Eurillo, a shepherd
Clori, his beloved
Lisetta, her younger sister
Armindo, a shepherd and lost twin brother of Eurillo Don Harrison
*UCLA Faculty Member
UCLA audiences remember DIANE THOMAS for her portrayals of Urbain in Les Huguenots and the title role in Cesti’s Orontea. She has also performed oratorio repertoire with Roger Wagner, Robert Shaw and the Los Angeles Master Chorale. Soloist at the Carmel Bach Festival for the past two years, Diance will be heard in Donizetti’s rarely performed Requiem Mass this month with the William Hall Chorale.
Senior TERESA ITEN was last seen as the lead in the UCLA Theater Arts production of She Loves Me. A winner of the Atwater Kent competition at UCLA, she performed in Offenbach’s Le Mariage aux Lanternes with the Opera Workshop and will sing Susanne in The Marriage of Figaro next year.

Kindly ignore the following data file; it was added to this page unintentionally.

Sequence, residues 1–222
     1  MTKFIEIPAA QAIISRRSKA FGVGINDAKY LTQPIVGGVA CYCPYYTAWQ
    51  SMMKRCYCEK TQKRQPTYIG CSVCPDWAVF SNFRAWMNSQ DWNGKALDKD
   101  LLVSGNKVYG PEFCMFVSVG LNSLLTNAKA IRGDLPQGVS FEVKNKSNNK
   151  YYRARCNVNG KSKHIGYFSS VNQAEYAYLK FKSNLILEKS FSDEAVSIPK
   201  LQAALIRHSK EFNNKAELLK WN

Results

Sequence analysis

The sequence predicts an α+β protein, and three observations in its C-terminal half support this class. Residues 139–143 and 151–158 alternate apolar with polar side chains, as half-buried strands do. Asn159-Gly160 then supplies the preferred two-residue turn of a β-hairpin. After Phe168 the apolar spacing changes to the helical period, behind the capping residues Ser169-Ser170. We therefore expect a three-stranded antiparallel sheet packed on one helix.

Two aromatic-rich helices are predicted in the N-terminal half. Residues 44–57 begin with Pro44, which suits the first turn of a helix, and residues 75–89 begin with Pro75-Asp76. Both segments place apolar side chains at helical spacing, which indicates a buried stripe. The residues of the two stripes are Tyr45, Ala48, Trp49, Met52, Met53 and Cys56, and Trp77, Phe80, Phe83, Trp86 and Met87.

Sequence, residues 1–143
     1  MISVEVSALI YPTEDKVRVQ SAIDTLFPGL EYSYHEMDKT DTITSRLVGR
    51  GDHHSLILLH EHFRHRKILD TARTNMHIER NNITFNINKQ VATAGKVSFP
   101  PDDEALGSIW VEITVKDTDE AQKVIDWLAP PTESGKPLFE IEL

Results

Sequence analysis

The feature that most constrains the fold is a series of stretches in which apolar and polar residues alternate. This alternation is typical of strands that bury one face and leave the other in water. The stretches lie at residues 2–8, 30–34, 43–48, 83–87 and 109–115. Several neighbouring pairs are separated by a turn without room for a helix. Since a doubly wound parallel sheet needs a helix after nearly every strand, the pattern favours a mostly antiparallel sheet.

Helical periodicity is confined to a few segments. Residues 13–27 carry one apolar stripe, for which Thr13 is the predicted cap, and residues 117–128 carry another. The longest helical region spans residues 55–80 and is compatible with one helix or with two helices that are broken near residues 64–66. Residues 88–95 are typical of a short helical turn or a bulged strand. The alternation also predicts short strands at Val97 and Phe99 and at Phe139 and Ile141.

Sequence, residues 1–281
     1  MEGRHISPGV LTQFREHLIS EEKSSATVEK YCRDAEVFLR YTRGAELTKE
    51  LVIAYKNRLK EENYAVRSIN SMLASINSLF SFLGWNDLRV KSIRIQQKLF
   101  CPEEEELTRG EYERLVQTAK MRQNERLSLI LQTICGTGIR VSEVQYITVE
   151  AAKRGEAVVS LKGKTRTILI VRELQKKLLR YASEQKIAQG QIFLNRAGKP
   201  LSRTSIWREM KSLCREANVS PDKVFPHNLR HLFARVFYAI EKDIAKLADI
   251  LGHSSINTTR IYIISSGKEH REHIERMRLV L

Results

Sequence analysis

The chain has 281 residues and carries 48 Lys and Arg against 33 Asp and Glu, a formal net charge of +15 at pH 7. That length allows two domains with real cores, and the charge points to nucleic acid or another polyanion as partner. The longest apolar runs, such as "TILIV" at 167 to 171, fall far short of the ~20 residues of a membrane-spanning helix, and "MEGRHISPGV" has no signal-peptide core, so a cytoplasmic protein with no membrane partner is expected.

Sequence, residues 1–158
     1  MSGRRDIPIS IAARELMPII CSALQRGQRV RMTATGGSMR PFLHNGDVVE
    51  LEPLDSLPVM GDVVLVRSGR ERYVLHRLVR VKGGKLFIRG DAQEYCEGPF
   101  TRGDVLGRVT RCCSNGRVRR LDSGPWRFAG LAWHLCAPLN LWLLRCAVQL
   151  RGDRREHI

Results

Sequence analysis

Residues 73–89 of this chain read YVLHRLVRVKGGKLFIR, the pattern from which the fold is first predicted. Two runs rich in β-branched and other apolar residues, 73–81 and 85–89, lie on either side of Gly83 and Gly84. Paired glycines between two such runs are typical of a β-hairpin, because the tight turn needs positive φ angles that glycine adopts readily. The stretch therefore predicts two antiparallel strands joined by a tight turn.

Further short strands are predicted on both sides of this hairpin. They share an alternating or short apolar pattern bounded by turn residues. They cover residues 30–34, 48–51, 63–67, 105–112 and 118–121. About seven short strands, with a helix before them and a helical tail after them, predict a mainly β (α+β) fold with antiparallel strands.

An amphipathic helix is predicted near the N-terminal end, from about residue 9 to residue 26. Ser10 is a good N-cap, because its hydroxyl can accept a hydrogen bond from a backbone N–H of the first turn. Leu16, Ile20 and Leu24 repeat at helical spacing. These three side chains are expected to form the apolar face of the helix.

CAMERON MACDONALD, a junior music major has performed in opera and musical comedy at UCLA. From South Pacific and She Loves Me to operatic works by Menotti, Eugene Zador and Ned Rorem, his performances have met with critical and popular success. Cameron is also a member of the UCLA Madrigals.
Tenor DON HARRISON studied at California State University in Northridge where he performed in productions of Albert Herring by Benjamin Britten, Of Mice and Men by Carlisle Floyd and Verdi’s Falstaff. Interested in vocal music of the Baroque period, this is Don’s first appearance with the ULCA Opera Workshop.
Assistant to Mr. Sharp
Musical Preparation and Coaching
Program and Publicity